Whenever we talk about using pesticides we
always encourage that you use proper PPE, or proper Personal Protective Equipment. Now, it’s important to understand that different
parts of the body have different absorption rates when it comes to pesticides. For example, if we consider the forearm as
a baseline of one and then we look at other parts of the body, our forehead and scalp
are going to be closer to an absorption rate of four, meaning they are four times as absorptive
as the forearm. The ear canal, for example, is five and a
half times as absorptive as your forearm. And the most absorptive part of your body,
with regards to pesticides, is going to be your groin area. So, think about this as you are considering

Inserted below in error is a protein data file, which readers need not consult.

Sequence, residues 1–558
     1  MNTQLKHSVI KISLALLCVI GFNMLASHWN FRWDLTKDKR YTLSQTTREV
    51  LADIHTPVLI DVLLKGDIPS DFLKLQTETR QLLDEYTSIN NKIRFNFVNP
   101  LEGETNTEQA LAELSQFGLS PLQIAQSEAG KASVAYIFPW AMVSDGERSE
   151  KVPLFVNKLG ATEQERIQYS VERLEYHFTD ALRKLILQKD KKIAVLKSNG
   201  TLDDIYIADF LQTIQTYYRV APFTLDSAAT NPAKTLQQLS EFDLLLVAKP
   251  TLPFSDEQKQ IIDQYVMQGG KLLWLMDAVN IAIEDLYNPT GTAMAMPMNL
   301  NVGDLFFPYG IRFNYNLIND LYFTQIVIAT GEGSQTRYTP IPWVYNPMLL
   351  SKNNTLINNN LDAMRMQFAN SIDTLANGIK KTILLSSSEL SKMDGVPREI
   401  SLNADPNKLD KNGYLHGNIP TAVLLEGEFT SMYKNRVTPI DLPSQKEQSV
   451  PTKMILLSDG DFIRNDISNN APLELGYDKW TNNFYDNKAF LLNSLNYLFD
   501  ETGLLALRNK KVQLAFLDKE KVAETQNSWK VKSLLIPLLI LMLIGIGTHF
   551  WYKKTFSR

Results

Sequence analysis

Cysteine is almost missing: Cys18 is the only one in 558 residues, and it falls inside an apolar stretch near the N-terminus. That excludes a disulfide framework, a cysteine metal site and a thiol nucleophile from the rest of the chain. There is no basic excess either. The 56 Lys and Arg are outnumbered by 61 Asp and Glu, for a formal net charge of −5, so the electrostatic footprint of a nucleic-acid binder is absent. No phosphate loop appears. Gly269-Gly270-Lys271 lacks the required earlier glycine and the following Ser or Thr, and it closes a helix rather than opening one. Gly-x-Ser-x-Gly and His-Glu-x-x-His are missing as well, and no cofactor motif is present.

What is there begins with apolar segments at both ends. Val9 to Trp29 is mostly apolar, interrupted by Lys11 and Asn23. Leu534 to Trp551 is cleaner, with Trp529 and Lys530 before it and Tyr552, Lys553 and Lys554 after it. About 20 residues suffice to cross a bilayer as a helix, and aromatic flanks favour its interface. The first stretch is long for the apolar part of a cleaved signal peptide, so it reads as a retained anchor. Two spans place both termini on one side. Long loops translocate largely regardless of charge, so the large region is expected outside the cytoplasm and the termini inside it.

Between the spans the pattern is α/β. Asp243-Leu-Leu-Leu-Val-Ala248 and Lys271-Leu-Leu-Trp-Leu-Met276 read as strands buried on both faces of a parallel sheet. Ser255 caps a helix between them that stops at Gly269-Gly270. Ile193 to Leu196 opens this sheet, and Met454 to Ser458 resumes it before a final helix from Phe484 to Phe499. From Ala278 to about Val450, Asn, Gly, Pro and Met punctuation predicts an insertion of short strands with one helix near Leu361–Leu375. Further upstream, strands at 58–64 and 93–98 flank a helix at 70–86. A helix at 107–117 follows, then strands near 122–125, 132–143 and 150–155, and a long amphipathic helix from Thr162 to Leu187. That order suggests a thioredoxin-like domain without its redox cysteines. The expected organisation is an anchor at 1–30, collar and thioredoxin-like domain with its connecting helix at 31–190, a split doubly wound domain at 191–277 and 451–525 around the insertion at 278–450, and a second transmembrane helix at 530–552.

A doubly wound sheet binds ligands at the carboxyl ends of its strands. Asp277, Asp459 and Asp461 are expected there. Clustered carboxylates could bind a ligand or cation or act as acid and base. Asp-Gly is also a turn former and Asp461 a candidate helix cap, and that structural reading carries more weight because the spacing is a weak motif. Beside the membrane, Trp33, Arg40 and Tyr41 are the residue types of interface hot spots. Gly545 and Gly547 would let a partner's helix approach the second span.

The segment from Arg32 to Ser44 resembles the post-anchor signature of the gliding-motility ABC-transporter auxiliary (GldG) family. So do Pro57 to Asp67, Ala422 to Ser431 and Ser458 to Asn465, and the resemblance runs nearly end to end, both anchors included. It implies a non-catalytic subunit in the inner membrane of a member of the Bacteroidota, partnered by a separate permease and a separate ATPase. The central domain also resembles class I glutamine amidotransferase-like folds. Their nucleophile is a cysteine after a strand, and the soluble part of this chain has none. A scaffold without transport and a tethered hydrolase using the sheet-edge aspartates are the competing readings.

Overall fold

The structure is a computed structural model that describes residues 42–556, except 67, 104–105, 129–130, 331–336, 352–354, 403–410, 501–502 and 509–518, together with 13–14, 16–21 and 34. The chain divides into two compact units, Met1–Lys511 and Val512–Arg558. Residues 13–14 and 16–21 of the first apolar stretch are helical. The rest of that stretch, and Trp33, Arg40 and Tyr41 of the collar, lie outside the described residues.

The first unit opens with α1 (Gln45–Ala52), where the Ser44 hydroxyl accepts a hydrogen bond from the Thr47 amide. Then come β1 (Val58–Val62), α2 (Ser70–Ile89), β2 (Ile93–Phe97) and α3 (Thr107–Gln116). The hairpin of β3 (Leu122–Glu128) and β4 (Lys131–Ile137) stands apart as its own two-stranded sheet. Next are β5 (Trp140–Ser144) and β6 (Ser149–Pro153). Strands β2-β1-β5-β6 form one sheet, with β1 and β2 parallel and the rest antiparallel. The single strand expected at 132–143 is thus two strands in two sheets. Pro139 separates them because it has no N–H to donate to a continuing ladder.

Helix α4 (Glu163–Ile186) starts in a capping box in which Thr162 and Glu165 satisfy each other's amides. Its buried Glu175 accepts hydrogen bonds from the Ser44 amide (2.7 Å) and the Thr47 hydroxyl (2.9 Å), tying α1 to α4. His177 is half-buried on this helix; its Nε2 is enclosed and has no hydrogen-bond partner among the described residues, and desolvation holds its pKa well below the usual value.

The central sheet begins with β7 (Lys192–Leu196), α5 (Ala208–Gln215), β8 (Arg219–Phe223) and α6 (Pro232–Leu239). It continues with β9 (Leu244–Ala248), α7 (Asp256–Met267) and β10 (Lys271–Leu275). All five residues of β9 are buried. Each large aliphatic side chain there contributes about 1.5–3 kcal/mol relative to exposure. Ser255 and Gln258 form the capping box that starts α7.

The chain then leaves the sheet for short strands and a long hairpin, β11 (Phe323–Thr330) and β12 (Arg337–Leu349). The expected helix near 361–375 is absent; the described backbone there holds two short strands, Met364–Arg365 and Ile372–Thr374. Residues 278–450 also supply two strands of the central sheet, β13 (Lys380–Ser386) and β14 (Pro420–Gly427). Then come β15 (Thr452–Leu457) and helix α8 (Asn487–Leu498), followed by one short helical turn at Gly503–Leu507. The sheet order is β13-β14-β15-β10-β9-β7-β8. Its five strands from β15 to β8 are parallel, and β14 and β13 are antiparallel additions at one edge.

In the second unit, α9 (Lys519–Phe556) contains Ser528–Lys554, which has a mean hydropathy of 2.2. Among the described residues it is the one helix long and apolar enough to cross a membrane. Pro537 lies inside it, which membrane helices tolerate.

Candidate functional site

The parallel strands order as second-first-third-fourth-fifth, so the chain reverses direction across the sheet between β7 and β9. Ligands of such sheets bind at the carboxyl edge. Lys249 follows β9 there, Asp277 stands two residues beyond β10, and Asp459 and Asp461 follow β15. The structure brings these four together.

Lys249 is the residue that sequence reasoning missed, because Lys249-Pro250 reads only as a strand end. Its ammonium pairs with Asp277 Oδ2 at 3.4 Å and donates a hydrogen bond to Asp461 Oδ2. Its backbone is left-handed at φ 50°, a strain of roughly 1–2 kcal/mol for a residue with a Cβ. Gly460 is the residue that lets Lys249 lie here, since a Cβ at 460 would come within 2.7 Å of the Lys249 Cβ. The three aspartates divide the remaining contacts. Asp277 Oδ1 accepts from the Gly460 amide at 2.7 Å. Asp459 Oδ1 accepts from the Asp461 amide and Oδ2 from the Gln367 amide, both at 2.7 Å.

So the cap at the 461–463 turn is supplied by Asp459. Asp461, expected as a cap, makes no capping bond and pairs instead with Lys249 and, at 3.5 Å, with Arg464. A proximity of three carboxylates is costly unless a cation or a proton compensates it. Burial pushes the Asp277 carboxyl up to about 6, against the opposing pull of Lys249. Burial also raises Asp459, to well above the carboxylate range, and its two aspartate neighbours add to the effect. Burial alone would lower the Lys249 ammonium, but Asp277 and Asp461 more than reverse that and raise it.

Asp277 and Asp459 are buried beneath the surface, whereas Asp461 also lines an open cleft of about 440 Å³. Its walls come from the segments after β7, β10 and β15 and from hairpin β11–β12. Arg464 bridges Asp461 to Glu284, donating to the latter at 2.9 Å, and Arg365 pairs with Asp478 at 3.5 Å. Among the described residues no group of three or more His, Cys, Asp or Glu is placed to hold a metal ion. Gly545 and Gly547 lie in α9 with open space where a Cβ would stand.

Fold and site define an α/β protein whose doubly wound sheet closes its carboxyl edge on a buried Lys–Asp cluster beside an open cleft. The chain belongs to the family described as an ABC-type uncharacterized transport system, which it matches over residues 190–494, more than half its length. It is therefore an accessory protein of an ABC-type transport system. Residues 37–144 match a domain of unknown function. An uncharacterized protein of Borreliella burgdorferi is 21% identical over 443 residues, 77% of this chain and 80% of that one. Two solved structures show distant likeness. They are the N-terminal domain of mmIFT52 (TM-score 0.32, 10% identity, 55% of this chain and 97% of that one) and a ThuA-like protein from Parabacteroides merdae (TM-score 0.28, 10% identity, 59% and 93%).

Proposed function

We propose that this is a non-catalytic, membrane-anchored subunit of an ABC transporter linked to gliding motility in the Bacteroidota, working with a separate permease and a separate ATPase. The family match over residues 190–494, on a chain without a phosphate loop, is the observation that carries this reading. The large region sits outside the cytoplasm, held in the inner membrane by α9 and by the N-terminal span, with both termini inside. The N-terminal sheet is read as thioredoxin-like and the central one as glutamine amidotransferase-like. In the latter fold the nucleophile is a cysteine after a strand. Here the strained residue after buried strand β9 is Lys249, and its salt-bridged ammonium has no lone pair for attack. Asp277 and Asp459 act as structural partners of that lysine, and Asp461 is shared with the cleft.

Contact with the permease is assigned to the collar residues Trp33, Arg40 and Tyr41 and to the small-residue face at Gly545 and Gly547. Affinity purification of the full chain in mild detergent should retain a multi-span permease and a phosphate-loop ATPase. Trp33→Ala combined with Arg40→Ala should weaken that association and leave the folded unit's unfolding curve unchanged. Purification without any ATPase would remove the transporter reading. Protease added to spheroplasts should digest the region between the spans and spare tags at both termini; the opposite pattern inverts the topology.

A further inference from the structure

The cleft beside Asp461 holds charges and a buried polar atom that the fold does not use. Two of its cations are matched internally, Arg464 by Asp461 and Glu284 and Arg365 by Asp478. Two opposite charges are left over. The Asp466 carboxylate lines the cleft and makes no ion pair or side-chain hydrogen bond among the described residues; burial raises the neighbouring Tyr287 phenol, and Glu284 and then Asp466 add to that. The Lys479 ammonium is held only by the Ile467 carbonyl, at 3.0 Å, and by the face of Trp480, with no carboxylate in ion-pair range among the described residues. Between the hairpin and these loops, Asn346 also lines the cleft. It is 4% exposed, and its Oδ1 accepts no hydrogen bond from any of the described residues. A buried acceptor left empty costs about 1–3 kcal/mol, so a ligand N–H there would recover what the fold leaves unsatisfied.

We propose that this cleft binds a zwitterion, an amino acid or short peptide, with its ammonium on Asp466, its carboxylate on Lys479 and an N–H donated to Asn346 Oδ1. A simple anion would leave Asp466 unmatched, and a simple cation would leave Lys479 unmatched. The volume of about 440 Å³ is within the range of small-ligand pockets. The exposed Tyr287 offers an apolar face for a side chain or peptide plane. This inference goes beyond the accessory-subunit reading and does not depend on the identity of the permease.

which PPE to use. Now, most labels require a minimum of a long-sleeved
shirt, long pants, socks and shoes, and some kind of pesticide resistant glove. Now, this does not mean that you couldn’t
use more PPE. There’s other options such as Tyvek suits,
chemical resistant aprons, and so on that you can use that can add further protection,
especially to protect some of these highly absorptive parts of your body. This is especially important during any kind
of mixing activities with pesticides as there is a higher risk of them splashing onto your
body. So, as you read the label and plan your next
pesticide application, ensure that you have the proper PPE available. This has been Caleb Carter with the University
of Wyoming Extension and you’re watching From the Ground Up.